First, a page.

Several people have recommended a grinder that 's used for grinding Indian spices. Other's have said it works, but only marginally well. Talk to Steve Sando at Rancho Gordo beans, he's been working with corn and trying to find appropriate grinding options for home cooks. He might be able to point you in a better direction. I'm luck enough to be able to get good masa from corn that's been nixtamalized from a local tortillaria, so making it totally from scratch isn't necessary for me.
Enchilada Sencillas - pg. 59
Why buy canned enchilada sauce when you can make it so easily. Enchiladas Sencillas translates as Easy Enchiladas, and they are!!
I blogged about them a number of years ago. You can find step-by-step directions, with photos, here - http://thediningdiva.typepad.com/the_...)
(I used chicken rather than scrambled eggs as the filling
Along with a green salad, these making a pretty satisfying meal for a cold night.
Chorizo Con Papa, chorizo and potato filling, p.35
cook crumbled chorizo, add cooked potato and chipotles in adobo. This is the easiest thing ever, it's embarrassing to call it dinner but it was a really good filling for tortillas. I don't eat pork, so I used soy chorizo, and left over mashed potatoes and they were very tasty. I added some queso fresco and ate them with sour cream.
Enchiladas Rojas de Aguascalientes (Red Enchiladas), Pg. 60
This took a bit of prepping and executing but everything went together rather quickly and easily. I halved the recipe. First, 4 dried ancho chiles are toasted, torn into pieces, added to a blender and re-hydrated in hot milk for 10 minutes. Salt, chopped garlic and a hard-boiled egg yolk are added and all is blended till smooth. Water is added if this mixture doesn't add up to 2 cups. The resulting sauce is cooked for 5 minutes in hot oil. In another skillet, tortillas (I used Trader Joe's small organic corn tortillas) are lightly fried, drained and kept warm for the assembly. Each tortilla is dipped in the sauce, filled with crumbled queso fresca and chopped white onion, rolled and placed side by side on a platter. The remaining sauce is thinned out and poured over the enchiladas. These are then topped with chopped egg white, shredded lettuce, sliced radishes, pickled chile strips and served.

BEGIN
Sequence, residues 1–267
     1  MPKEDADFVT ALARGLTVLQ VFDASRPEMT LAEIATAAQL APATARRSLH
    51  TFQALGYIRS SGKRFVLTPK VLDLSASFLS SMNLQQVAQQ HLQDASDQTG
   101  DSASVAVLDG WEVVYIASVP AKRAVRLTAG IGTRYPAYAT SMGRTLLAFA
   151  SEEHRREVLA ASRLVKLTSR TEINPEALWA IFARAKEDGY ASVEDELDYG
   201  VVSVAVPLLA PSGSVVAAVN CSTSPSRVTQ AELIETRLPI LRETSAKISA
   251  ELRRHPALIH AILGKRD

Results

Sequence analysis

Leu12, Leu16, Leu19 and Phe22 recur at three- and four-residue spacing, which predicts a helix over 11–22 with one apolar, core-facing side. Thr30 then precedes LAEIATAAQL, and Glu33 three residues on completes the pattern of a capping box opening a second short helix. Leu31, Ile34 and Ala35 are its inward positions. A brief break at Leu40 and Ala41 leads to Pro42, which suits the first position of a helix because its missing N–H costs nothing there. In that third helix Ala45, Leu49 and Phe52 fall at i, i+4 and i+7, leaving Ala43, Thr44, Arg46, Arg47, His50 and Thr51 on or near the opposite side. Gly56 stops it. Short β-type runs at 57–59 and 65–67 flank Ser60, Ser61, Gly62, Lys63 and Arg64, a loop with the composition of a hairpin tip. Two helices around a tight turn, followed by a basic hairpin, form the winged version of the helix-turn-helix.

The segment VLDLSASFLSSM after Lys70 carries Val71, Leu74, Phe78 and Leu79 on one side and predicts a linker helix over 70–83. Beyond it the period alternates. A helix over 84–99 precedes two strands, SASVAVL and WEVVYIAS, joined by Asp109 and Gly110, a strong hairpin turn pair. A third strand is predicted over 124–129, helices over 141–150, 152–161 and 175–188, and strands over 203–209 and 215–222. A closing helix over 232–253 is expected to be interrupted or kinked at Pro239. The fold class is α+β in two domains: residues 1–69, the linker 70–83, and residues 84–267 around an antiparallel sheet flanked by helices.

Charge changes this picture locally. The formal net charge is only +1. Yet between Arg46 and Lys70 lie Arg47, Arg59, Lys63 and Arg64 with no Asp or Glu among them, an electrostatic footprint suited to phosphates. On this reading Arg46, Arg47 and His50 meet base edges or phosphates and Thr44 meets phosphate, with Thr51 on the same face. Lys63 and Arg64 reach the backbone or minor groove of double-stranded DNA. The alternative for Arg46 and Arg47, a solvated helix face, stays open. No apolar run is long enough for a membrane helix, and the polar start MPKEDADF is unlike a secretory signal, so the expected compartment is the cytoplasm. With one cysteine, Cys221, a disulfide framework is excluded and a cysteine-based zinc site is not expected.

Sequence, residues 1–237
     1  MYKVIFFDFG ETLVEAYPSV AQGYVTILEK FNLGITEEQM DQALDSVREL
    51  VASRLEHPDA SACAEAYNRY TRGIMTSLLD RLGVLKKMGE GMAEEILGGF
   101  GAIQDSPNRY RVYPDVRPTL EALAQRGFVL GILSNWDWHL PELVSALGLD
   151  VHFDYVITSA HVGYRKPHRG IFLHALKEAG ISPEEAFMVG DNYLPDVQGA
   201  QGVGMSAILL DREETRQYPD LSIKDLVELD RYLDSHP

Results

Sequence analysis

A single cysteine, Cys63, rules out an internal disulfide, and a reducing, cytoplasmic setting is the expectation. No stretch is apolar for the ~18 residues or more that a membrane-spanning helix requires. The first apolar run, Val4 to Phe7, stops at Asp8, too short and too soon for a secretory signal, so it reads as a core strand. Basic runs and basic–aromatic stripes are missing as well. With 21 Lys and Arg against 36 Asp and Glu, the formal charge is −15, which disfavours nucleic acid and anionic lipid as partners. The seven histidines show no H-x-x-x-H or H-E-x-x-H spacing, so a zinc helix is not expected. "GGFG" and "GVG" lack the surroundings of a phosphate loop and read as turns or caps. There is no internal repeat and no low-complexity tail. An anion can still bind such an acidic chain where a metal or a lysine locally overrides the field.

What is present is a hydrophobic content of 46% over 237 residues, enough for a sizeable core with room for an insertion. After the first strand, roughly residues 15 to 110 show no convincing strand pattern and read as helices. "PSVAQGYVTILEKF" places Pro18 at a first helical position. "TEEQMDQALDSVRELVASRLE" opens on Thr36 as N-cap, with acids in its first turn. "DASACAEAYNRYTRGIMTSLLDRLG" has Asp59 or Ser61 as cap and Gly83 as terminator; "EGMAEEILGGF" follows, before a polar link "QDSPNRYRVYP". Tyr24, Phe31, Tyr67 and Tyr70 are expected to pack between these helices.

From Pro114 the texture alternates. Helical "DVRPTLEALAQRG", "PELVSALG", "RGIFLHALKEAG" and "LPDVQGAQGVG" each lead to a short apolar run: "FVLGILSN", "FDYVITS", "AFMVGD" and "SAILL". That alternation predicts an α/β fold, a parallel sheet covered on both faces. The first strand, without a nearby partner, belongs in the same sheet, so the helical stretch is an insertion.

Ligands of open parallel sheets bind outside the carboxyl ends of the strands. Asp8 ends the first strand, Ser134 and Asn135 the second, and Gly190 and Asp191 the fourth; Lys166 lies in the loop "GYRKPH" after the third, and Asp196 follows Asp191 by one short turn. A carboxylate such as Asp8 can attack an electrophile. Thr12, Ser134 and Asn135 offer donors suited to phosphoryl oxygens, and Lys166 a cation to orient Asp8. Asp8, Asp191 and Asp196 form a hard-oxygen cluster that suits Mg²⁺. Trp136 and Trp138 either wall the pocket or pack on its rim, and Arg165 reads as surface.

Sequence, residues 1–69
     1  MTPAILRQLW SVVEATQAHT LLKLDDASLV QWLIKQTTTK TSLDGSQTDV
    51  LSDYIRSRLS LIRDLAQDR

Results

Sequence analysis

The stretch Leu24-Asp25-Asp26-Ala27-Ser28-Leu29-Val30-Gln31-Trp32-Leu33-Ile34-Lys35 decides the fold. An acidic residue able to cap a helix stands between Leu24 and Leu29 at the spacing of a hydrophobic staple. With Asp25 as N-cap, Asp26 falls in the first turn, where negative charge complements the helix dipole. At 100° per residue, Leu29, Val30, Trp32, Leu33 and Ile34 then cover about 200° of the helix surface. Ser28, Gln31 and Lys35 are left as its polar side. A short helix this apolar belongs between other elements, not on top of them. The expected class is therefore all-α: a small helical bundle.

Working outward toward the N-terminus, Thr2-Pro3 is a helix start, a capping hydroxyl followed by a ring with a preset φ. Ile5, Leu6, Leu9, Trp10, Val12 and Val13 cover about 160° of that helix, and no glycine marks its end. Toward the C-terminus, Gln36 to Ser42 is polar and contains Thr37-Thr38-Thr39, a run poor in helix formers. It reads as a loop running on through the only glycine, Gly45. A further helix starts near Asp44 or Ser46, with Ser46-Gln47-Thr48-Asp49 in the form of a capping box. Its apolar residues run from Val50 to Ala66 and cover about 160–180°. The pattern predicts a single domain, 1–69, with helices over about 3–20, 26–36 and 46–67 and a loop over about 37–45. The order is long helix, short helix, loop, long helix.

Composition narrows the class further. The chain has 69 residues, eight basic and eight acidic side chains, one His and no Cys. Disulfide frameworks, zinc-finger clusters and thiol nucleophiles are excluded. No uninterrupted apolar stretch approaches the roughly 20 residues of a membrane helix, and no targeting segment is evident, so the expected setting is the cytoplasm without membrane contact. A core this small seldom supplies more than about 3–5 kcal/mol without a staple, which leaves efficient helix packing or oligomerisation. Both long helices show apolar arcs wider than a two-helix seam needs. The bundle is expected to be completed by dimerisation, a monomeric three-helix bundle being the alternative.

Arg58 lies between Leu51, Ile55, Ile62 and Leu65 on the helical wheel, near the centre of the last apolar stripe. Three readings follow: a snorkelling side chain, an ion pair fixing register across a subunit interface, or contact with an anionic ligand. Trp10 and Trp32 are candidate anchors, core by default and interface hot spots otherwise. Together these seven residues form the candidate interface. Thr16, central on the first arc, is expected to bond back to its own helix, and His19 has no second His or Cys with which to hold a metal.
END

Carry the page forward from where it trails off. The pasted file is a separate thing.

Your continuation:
I thought this was very tasty. But, with this recipe DH declared he Does Not Like Mexican Food. Emphatically. He didn't like the way it looked on the plate. Little does he know that I have several other recipes planned before the end of the month. He couldn't possibly think he doesn't like All Mexican food, does he?
Here is my enchilada soup that is fantastic!
Julies Enchilada Soup
1 LB Chicken Breast
1 C Masa
1 T Vegetable Oil
½ C Diced Onion
1 Serrano Pepper (can de-seed if desired)
1 Minced Garlic Clove
½ C Wine
1 Quart Chicken Broth
3 C Water
1 C Enchilada Sauce
2 C Shredded Cheddar Cheese
1 t Salt
1 t Chili Powder
½ t Ground Cumin
Cube chicken, sauté in oil, and remove from pan. Add onions to pan on medium heat and cook for 1 minute. Add garlic and cook for two or three minutes until the onions are translucent. Add wine and reduce until it is all evaporated. Add the chicken broth. Mix Masa with two cups of the water. Add the masa mixture and the extra cup of water. Add the enchilada sauce and seasonings and bring to a boil. Reduce and simmer 30 minutes. Reduce heat to low and add the cheese until melted.